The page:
PRS has set a new record by returning to the same conference city in six years and is using Marriott as the host hotel for the third year in a row.
Marriott guards went whole hog in blocking this reporter from everything at the 2011 conference in Orlando and they outdid themselves at the 2012 conference in San Francisco by booting us out of the hotel entirely and telling us not to come back.
This thuggish and actually illegal behavior no doubt sealed Marriott as the hotel of choice for future PRS conferences.
Security at the Marriott S.F. initially told us we had the right to stand behind a certain line in a corridor since PRS had rented the corridors to exhibitors. That seemed o.k. to us.
However, several incoming members said hello and talked to us and word of this got back to PRS staff/leaders. Guards then ordered us to go up two escalators to the hotel lobby and wait there.
Marriott security there told us we could talk to anyone we wanted to and give out papers as long as we bought a coffee at the Starbuck’s in the lobby and were in Starbuck’s territory.
However, more guards soon arrived and countermanded these instructions, saying we were not to talk to anyone nor give anything to anyone including our business cards.
After talking to a reporter friend of ours, a security person came up to us, closely and menacingly, and demanded we leave the hotel forthwith, saying we had better obey this. Security said we had broken rules against talking and giving something to someone. We were just about forcibly escorted from the hotel and told not to come back, the guard walking closely and step-by-step to the doorway.
This goon-like behavior was no doubt relayed back to PRS staff/leaders and made them jump for joy.
Ironic is that the VP-PR of Marriott is none other than longtime Washington, D.C. reporter Kathleen Matthews who is married to Chris “Tell me something I don’t know” Matthews of MSNBC. Both have been informed several times of Marriott’s lusty enforcement of PRS’s anti-public, un-American and illegal blockage of press coverage. They remain silent on this subject.
Ellen Gonda, VP-PR of Hilton, whose Washington Hilton hotel was the scene of the 2010 conference, had called up PRS staffers to protest discrimination against O’Dwyer reporters but said her pleas “fell on deaf ears.”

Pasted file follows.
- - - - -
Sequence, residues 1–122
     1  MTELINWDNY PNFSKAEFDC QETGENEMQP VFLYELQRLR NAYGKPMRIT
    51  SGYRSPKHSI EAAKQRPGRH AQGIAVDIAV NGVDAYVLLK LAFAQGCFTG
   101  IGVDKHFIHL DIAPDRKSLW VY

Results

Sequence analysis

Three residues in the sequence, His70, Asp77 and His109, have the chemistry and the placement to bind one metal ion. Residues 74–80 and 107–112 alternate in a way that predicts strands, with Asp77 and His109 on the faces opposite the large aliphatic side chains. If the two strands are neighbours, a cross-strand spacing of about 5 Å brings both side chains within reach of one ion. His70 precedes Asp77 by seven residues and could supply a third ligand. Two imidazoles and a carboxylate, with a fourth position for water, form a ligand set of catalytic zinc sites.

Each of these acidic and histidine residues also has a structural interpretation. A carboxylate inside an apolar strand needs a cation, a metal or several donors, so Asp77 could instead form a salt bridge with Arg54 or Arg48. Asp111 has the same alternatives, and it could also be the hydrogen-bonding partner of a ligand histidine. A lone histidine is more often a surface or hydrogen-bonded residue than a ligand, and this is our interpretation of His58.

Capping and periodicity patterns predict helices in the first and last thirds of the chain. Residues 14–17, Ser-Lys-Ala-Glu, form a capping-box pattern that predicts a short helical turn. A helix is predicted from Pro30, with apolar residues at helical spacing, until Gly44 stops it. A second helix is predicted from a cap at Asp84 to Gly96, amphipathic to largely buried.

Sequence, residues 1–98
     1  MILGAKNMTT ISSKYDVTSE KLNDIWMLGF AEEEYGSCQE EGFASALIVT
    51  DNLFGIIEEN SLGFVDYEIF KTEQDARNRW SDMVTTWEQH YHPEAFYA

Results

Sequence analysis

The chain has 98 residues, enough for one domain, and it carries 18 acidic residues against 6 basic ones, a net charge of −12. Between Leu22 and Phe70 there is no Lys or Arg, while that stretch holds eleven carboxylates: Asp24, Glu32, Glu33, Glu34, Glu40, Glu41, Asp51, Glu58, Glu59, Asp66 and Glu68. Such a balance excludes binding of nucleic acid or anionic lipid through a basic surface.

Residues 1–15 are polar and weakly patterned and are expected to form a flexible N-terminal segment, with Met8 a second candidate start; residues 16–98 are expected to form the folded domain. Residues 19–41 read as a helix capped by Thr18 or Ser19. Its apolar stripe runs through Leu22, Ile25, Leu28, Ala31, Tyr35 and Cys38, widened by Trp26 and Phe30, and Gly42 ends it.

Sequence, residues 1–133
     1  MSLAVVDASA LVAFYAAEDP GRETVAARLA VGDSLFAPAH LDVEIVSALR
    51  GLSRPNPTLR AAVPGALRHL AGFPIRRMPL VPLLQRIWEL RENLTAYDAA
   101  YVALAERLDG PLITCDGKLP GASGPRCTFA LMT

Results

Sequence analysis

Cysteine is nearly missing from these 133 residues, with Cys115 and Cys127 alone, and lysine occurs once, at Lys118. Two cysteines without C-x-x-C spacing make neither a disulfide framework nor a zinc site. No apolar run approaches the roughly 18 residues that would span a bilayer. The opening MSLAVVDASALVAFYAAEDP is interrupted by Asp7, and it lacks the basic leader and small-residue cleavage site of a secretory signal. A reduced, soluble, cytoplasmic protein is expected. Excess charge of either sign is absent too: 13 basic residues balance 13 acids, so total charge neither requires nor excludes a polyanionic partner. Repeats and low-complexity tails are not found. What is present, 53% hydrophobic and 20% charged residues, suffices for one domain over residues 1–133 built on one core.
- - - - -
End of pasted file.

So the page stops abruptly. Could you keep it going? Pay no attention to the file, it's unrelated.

PRS’s blocking of Assembly coverage by any reporters means the Society has forfeited the right to use of the word “public” in its name since reporters are also part of the public.
About the only word accurate in the group’s name is “Society” since it is not “public,” its “relations” with the outside world are spotty and/or hostile, and its anti-democratic, anti-press, information-withholding behavior proves it is the antithesis of what America stands for.
Holding a conference in the same city only six years later is an obvious award to a chapter whose leaders have been super-loyal to national and particularly the APR program of its all-APR leaders.
The five-person Philadelphia and four-person Puget Sound Assembly delegations led the fight in 2004 against allowing non-APRs into the Assembly. The motion only passed by five votes.
Philadelphia proposed that half of each Assembly delegation be APR while Puget Sound would only allow one non-APR delegate every three years. Critics noted that more than 30 chapters only have one delegate and was this delegate supposed to be chopped in half?
A member of the Philadelphia delegation was Carole Gorney, retired professor emeritus of Lehigh University and a Fellow of PRS. All five delegates voted against letting non-APRs into the Assembly according to the roll call vote, the only one ever taken using the electronic devices that were introduced with the 1999 Assembly.